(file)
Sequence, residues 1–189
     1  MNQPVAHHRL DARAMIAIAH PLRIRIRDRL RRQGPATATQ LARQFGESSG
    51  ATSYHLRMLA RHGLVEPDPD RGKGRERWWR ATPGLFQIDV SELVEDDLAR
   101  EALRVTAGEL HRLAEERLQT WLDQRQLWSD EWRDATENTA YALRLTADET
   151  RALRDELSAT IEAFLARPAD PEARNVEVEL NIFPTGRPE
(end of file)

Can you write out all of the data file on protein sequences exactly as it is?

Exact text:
Sequence, residues 1–189
     1  MNQPVAHHRL DARAMIAIAH PLRIRIRDRL RRQGPATATQ LARQFGESSG
    51  ATSYHLRMLA RHGLVEPDPD RGKGRERWWR ATPGLFQIDV SELVEDDLAR
   101  EALRVTAGEL HRLAEERLQT WLDQRQLWSD EWRDATENTA YALRLTADET
   151  RALRDELSAT IEAFLARPAD PEARNVEVEL NIFPTGRPE